By Azalia Rosas
May Day is also known as International Workers’ Day. A national holiday many other countries, it actually originated in the United States in 1886 when over 300,000 workers walked out of 13,000 businesses across the country to vie for the 8-hour work day and safer working conditions, and ultimately, initiate May Day history. On May 3rd--two days after 40,000 “8-hour day agitators” went on strike in Chicago--violence struck at the McCormick Reaper Works company where picketing steelworkers were harassed and even beaten by police and armed private detectives for over 6 months. A public meeting was called in Haymarket Square the day after a speech at the same plant resulted in two dead and multiple wounded strikers.
The Haymarket Square meeting was received by only 3000 people including families and Chicago’s mayor. As the meeting began to wind down and the crowd began to disperse, two detectives warned the main body of officers that a speaker was trying to rile up the crowd. Once the police began to move people along, a bomb was thrown into the moving ranks of police officers which drew police fire into the crowd. Up to 8 civilians and 8 officers died and 40 civilians were wounded. After this, the socialist and anarchist ideals that created labor unions were practically outlawed. (Chase)
May Day (International Workers’ Day) is nationally celebrated in over 66 countries around the world, the United States not being one of them. This is most likely because anarchism and socialism became terms unfriendly to the US after the Haymarket Square Massacre. The labor union came from both the socialist ideology in which workers control production and distribution of the fruits of their labor, and the anarchist ideologies which included worker-controlled industry, and an end to hierarchical structures.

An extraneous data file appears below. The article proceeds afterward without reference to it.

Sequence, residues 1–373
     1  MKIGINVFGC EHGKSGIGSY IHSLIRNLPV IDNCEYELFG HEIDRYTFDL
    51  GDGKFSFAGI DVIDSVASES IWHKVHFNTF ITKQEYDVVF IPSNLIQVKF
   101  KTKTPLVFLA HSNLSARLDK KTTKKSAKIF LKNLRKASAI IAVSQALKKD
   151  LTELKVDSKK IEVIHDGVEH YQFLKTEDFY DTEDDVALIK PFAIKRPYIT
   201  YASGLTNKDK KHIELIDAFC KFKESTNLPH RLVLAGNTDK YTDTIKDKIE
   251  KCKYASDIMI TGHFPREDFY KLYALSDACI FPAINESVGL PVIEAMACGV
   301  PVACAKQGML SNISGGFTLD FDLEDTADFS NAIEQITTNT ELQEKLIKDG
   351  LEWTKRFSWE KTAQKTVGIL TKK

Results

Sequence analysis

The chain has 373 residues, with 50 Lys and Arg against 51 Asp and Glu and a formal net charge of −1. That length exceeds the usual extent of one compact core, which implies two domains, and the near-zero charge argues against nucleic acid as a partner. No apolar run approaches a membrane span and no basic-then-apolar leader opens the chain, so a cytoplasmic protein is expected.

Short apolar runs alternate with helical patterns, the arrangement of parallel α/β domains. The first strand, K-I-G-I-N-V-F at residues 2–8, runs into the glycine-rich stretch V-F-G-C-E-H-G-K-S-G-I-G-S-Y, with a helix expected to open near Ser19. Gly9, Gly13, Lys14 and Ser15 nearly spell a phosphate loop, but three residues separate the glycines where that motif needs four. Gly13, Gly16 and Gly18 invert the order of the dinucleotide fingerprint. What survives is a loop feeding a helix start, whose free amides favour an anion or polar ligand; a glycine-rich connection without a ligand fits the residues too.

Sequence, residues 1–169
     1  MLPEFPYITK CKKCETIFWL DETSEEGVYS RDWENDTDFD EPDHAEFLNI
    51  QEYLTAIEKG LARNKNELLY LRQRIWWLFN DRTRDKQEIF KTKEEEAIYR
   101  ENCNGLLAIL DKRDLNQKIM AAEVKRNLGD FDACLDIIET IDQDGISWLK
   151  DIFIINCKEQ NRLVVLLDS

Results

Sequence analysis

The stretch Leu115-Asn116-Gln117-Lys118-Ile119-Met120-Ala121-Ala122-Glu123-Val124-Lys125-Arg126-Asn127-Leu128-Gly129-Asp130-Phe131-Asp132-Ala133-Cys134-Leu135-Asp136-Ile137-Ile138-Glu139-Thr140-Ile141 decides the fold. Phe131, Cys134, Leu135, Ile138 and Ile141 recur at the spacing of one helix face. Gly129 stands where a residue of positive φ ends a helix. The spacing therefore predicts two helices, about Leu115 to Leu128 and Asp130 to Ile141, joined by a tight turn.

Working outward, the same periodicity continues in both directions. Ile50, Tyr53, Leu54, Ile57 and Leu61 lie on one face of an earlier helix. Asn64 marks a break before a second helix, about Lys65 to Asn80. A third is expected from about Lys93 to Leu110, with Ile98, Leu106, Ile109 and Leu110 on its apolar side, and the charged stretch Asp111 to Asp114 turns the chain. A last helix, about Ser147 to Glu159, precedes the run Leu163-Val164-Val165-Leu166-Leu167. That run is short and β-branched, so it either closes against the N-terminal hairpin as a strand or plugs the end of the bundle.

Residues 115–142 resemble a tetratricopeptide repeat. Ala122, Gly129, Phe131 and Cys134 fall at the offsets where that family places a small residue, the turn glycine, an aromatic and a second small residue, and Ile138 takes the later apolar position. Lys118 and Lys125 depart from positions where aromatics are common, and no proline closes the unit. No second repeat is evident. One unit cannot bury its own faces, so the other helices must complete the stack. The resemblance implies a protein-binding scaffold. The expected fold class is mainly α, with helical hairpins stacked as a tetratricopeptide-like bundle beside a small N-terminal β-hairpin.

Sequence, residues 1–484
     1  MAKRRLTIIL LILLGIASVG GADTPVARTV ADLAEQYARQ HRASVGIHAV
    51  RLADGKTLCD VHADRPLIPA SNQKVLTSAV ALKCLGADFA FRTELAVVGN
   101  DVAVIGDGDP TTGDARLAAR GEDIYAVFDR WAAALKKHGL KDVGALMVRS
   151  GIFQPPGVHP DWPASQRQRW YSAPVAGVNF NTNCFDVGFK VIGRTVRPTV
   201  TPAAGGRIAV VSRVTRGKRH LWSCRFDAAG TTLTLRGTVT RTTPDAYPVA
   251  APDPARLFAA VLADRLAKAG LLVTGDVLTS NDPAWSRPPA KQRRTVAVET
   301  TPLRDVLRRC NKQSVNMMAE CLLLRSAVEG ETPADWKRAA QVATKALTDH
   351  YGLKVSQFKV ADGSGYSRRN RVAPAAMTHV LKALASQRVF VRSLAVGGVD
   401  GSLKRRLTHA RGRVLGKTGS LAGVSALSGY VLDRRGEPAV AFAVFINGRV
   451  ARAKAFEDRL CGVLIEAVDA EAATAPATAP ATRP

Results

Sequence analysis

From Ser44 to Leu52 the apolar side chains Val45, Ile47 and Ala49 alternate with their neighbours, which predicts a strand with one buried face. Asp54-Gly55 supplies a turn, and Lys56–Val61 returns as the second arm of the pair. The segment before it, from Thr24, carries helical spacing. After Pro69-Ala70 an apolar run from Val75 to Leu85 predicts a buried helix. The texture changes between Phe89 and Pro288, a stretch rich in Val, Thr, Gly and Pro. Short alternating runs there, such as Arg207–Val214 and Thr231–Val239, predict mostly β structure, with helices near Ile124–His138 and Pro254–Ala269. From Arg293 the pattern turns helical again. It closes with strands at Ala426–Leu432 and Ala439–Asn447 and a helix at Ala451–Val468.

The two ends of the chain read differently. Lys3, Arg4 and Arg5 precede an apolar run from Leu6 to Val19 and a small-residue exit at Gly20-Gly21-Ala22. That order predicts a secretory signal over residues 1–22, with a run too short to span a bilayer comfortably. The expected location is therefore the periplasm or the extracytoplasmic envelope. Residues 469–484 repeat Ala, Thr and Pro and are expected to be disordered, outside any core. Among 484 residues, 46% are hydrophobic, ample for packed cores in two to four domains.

Because of the socialist and anarchist ideals that led to labor unions and May Day, the United States has avoided the celebration of it. Among the 66 countries are multiple South American, African, European, and Asian countries including both Oceania countries, Australia and New Zealand. (Chase, Remington)
International Workers’ Day is a day where people come together to voice workers’ needs and rights. Recently in the US, May Day has come to be a march for the rights of working immigrants (both illegal and not) and those of the LGBTQ+ community. In this fight for rights in the workplace, May Day is also a fight for immigration reform.
As of late, May Day in Milwaukee has been spearheaded by Voces de la Frontera who has lead the celebration as a peaceful demonstration to vocalize the desire for documentation for immigrants. This year Voces de la Frontera and YES (Youth Empowered in the Struggle) are hosting a Solidarity March in which people will come together to “march against Governor Scott Walker’s attacks on education and to defend public schools, to defend labor unions, and administrative relief for immigrants” (see image), and to push for an immigration reform that will lead to the citizenship of undocumented immigrants. (Voces de la Frontera, Wisconsin Bail Out the People)
As a multicultural sorority, Kappa Sigma Mu believes in respect and rights for all peoples and can support the solidarity with equality that May Day has come to embody.
This year KSM will show our support for the working class community. The Solidarity March began at the Voces de la Frontera Milwaukee office and ended in a peaceful rally.
We'll see you there next year!
Chase, Eric. “The Brief Origins of May Day”. Industrial Workers of the World. Web. April 3rd, 2015. http://www.iww.org/history/library/misc/origins_of_mayday
Seymour, Richard. “May Day Is Not About Maypoles: The History of International Workers’ Day”. The Guardian. Web. April 19th, 2015. http://www.theguardian.com/commentisfree/2012/may/01/may-day-history-international-workers-day
“Milwaukee MAY DAY 2015”. Wisconsin Bail Out the People Movement. Web. April 3rd, 2015. http://wibailoutpeople.org/2015/03/17/milwaukee-may-day-2015/
Voces de la Frontera. April 5th, 2015. http://vdlf.org/
Remington, Chris. “The Significance of May Day”. Need to Know. Web. April 3rd, 2015. http://www.pbs.org/wnet/need-to-know/immigration-3/the-importance-of-may-day-across-communities/16881/
“Milwaukee: May Day 2014” Wisconsin Bail Out the People Movement. Web. April 27th, 2015. http://wibailoutpeople.org/2014/04/12/milwaukee-may-day-2014/
“Voces de la Frontera Leads May Day Immigration March”. Journal Sentinel. Web. April 27th, 2015. http://m.jsonline.com/multimedia/205658181.htm?item=113002951